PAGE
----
Moore led Strange by about 25,000 votes in the crowded August primary, which went to a runoff between the two because neither topped 50 percent in the voting.  The low-turnout election gave an advantage to Moore as his loyal supporters flooded the polls.

Strange, the state’s former attorney general, was appointed to Sessions’ seat in February by then-Gov. Robert Bentley, who resigned two months later as lawmakers opened impeachment hearings against him. Throughout the Senate race, Strange had been dogged by criticisms of accepting the appointment from a scandal-battered governor when his office was in charge of corruption investigations.

On the outskirts of Montgomery, 76-year-old Air Force retiree John Lauer said Trump’s endorsement swayed him to vote for Strange on Tuesday.

“I voted for Strange. I’m a Trump voter. Either one is going to basically do the Trump agenda, but since Trump came out for Luther, I voted for Luther,” said Lauer said.

Many at Moore’s victory party had supported the former chief justice through the years in his stands over the Ten Commandments and other issues.

“I’m so happy. I prayed and God answered my prayers,” Patricia Riley Jones of Abbeville said as she outstretched her arms to hold a Moore sign and America flags high aloft above her head. “He’s a great Christian man. He stood up for God.”

(Associated Press writer Jay Reeves contributed to this story)

About the author

The Associated Press

64 Comments

Click here to post a comment

  • – “”We have to return the knowledge of God and the Constitution of the United States to the United States Congress,” Moore told a cheering crowd…”

    So why isn’t that knowledge there already, since Congress is packed with white, far-right Republican born-againers? Oh, that’s right – Roy Moore’s Reconstructionist Calvinism is the only true Christian religion, so all those other measly little Arminian, non-denominational heretics need to be shown the True Way.

    – “”I’m so happy. I prayed and God answered my prayers,” Patricia Riley Jones of Abbeville said…”

    Evangelicalism has always tended to regard its god as a wish-granting genii more than anything else, hasn’t it?

  • Moore is an exceptionally dangerous individual. It will be interesting to see how many folks in Alabama vote for him.

    He’s dangerous because he’s said nonsense like “god’s law should take precedence over man’s law”–i.e. the Constitution; he’s defied TWO court orders; and engaged in other actions very dangerous to liberty. It will be interesting as well to see how many “religious organizations” protest his statements, particularly conservative outfits.

  • This is a lot of hate you have shared in one comment; that one naive woman’s harmless comment stirs up such hate, shows more than you know.

  • If you see ‘hate’ in anything I wrote, then you must be going insane with every new Trump tweet that comes out. And if they don’t upset you, then that shows more about you than you know.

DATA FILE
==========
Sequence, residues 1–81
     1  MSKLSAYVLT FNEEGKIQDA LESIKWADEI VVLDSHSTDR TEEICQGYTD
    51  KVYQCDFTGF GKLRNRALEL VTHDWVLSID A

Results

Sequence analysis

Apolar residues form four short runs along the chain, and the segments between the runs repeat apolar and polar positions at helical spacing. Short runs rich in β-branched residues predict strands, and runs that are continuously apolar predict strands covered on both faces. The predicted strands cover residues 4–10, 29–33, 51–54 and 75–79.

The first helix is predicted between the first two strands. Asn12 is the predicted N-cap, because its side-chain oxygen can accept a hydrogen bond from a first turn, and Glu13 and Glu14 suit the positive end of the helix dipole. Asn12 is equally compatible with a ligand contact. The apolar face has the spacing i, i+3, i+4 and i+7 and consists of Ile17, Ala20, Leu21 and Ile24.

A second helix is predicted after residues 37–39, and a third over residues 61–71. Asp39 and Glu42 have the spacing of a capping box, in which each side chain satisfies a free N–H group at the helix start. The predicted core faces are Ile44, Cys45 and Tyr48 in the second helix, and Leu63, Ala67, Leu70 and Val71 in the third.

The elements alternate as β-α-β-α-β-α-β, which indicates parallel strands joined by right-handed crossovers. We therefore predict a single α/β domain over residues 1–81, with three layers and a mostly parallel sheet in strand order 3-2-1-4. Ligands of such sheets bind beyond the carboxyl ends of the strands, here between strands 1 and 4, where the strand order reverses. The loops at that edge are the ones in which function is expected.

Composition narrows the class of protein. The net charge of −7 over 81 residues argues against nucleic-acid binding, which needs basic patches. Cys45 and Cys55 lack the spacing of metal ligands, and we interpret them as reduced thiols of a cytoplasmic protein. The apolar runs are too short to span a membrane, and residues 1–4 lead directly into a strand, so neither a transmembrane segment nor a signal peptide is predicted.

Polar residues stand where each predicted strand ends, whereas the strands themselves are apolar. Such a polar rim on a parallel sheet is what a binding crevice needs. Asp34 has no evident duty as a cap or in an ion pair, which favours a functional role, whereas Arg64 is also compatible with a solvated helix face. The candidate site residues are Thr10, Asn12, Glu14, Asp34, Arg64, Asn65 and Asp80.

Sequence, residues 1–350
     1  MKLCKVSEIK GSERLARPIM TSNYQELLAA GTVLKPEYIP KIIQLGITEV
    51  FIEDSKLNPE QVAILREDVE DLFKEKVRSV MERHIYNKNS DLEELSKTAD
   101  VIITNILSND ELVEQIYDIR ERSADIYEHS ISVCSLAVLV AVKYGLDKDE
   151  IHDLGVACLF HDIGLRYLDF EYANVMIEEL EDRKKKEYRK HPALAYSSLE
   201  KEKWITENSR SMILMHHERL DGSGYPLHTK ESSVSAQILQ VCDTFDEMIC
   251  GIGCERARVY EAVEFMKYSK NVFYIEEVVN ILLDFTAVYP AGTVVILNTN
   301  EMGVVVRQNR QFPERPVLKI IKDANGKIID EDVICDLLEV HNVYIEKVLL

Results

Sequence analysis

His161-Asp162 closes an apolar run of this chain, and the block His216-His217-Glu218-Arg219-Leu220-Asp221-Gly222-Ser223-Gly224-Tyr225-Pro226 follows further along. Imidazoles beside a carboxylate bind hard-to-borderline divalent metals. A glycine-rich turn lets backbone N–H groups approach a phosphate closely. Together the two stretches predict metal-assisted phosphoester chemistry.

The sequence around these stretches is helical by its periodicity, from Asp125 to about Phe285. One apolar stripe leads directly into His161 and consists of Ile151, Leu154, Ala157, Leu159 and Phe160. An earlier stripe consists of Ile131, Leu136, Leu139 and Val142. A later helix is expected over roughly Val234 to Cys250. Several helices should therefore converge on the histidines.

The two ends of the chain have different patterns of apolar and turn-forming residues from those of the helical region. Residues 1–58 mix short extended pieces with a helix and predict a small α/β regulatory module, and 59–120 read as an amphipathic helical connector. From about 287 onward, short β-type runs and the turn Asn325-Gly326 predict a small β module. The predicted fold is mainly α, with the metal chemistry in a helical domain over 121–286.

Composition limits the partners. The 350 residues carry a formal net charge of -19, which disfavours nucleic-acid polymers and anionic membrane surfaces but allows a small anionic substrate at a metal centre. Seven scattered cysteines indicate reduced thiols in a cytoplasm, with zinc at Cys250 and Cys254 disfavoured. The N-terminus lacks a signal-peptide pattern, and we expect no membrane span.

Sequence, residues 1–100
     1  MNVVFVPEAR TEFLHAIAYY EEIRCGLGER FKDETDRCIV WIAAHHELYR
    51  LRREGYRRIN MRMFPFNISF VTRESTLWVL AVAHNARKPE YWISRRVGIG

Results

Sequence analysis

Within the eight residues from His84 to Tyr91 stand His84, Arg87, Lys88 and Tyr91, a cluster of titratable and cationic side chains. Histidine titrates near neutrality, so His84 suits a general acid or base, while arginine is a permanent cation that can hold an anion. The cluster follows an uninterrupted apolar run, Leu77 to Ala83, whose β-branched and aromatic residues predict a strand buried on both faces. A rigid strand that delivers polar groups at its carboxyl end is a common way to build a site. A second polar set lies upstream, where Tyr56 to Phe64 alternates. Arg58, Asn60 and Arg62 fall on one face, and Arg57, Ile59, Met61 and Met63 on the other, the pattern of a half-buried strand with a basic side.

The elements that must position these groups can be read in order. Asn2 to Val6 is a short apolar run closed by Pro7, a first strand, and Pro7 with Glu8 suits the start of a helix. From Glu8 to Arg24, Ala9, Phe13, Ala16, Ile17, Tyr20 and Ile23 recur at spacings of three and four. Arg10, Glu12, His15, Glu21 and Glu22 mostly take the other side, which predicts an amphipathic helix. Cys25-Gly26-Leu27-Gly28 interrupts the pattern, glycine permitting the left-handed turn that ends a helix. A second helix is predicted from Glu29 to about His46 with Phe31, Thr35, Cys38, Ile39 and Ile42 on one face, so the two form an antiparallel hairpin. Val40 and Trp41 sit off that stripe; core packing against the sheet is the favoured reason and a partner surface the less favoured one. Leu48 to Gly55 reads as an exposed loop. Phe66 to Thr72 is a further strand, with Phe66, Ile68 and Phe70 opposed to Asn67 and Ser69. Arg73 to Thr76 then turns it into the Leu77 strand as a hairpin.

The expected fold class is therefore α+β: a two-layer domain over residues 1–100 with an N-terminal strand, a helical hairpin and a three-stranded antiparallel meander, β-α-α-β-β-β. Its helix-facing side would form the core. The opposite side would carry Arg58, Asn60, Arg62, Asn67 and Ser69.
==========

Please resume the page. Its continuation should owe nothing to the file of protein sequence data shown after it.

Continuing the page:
• I read (on Wiki) that in his autobiography, Moore mentions his fear of being fragged in vietnam (i.e. by his own men).

    Gee, what a surprise.

  • Unfortunately for the good people of Alabama the primary contest did not address why the state is 44th in educational attainment, 47th in income, and is unable to replace the tunnel in Mobile, an antiquated death trap named after segregationist George Wallace.

  • Roy Moore neither respects nor understands religious liberty or our Jeffersonian/Madisonian heritage of religious freedom and church-state separation. I just hope that Alabama voters will have the good sense in December to elect the Democratic candidate for Senate. — Edd Doerr

  • Perhaps Moore sees it from a different perspective, such as ministerial duty law which the SCOTUS has flaunted in the face of our Constitution. Perhaps there are some voters that respect the Constitution regardless of their education or position in life.

  • Talk about a dotard. Pulling out a gun on stage at a political rally indicates the level of respect this guy has for the office he will be holding when elected. He lacks respect for himself, for his state, for the country. Tax cut? Forget it. I just want decent government, with level headed representatives whether they are atheists, Zoroastrians, Christians, Jews, Muslims, and as long as they are of good will and have a degree of wisdom.

  • Read it more slowly.
    There are observations.
    Then there are questions.
    Then there are opinion based answers.
    Because the opinions don’t match yours doesn’t mean they are based on hate.

  • Not quite sure what your meaning is here.
    “Official duty is ministerial when it is absolute, certain, and imperative, involving merely execution of a specific duty arising from fixed and designated facts; that a necessity may exist for the ascertainment of those facts does not operate to convert the act into one discretionary in its nature.” USLegal.com